Before I started actually trying to read all the books that had been nominated for the Hugo or Nebula Awards I was still using the list of nominees to find books to read.  Breaking into any genre is never easy and if you just randomly dive in you're just as likely to be scared off as not.  What I like about SF is that the genre is fairly old and if you don't know what you're getting into there are all these awards out there that can point you in the right direction, not just the ones I'm trying but also the Philip K. Dick Award, the Campbell Awards, and a whole group of Nationality specific Awards.  I can't be the only person who uses these to navigate through the decades of novels out there.  I've tried just randomly picking up SF novels from the sixties and seventies, it's a minefield out there.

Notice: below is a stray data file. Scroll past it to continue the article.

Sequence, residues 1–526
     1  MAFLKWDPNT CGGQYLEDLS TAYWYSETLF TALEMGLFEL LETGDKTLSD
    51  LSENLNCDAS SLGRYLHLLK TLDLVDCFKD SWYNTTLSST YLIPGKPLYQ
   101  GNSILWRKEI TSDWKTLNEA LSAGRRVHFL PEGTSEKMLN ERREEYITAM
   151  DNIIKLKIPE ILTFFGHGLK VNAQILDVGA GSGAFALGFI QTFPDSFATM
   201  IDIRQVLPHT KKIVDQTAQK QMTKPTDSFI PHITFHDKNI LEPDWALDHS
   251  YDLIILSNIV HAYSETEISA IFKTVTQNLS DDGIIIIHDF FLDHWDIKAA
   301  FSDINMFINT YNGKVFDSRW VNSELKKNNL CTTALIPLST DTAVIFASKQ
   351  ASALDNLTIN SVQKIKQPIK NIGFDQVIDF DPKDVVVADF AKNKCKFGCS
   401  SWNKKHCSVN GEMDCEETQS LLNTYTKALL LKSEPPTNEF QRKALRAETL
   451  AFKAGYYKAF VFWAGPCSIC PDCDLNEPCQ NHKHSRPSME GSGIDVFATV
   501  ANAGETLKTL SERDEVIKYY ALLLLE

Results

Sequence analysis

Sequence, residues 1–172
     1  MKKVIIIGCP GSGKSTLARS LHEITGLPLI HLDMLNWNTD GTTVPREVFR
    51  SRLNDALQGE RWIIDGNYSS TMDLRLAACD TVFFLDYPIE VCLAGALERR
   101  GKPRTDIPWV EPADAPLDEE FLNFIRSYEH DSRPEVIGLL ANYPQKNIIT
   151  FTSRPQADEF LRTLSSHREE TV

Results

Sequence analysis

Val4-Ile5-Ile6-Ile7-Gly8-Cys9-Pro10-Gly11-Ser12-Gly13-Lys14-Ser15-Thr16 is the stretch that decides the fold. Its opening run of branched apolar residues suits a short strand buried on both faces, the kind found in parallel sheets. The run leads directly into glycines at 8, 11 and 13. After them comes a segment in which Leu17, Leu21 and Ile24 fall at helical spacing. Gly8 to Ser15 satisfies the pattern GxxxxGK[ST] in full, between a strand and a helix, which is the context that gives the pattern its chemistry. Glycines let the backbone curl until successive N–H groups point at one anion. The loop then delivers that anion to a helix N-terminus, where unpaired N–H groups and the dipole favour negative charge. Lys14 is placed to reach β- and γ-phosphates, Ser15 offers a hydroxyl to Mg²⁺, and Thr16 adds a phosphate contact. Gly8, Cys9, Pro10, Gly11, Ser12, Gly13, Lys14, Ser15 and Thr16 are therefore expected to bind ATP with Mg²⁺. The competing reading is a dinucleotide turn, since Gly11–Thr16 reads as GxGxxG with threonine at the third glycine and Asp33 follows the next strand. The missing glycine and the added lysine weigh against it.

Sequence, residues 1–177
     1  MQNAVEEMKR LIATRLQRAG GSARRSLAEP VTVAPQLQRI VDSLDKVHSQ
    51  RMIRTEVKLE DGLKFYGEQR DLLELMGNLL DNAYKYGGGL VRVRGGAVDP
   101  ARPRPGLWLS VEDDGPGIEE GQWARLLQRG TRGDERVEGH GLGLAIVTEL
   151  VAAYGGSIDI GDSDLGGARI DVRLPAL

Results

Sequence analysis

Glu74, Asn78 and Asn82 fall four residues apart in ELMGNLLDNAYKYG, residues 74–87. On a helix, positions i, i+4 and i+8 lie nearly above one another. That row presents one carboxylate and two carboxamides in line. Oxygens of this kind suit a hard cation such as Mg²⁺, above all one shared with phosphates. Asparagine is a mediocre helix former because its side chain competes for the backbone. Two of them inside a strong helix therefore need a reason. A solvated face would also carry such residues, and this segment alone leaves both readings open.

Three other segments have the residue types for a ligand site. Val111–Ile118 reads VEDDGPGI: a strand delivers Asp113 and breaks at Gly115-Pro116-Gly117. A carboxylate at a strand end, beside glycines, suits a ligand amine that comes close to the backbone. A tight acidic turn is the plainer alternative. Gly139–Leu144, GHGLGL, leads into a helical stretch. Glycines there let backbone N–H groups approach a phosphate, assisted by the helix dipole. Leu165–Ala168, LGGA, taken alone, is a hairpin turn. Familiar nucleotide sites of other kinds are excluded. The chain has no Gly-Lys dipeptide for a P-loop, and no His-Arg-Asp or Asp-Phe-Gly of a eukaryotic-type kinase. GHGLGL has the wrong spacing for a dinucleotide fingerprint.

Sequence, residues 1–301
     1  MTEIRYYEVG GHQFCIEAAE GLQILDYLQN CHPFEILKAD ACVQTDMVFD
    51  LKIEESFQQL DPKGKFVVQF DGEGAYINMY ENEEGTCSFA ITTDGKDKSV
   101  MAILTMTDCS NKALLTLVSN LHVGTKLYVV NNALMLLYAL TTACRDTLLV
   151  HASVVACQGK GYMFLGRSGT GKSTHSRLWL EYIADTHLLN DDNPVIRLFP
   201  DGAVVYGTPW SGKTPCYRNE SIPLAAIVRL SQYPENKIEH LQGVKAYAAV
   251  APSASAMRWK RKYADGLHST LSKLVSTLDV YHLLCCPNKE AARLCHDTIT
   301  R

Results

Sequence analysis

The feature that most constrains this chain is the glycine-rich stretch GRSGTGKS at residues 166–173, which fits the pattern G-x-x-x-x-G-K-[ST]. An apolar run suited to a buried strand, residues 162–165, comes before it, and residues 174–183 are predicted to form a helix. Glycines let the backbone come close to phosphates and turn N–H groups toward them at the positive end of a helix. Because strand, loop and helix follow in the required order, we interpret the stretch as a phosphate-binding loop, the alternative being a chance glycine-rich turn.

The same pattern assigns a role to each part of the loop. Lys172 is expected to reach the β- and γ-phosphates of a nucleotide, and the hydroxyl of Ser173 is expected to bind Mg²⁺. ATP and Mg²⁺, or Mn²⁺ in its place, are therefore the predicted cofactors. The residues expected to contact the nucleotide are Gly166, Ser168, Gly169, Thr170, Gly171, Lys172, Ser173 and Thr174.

The other side of it is that before I was making a conscious attempt to read all the books on the list I would select one that had either won or been nominated and try to read it, if I didn't like it sometimes I would sell it back to a used bookstore or get rid of it.  There weren't that many, but I think about those books now and how eventually I'll have to go back and read them if I actually want to finish this list off.  The two that come most quickly to mind are Elizabeth Moon's 'The Speed of Dark' and Thomas Pynchon's 'Gravity's Rainbow.'  I gave up on Dark within a few pages because it seemed to me to be a retread of 'Flowers for Algernon' and I don't think anyone needs to go back there as Keyes did such a fabulous job.  I'm kind of looking forward to retrying Dark, I own a copy now, because I know a lot of people do like the novel and maybe it just needs a second chance.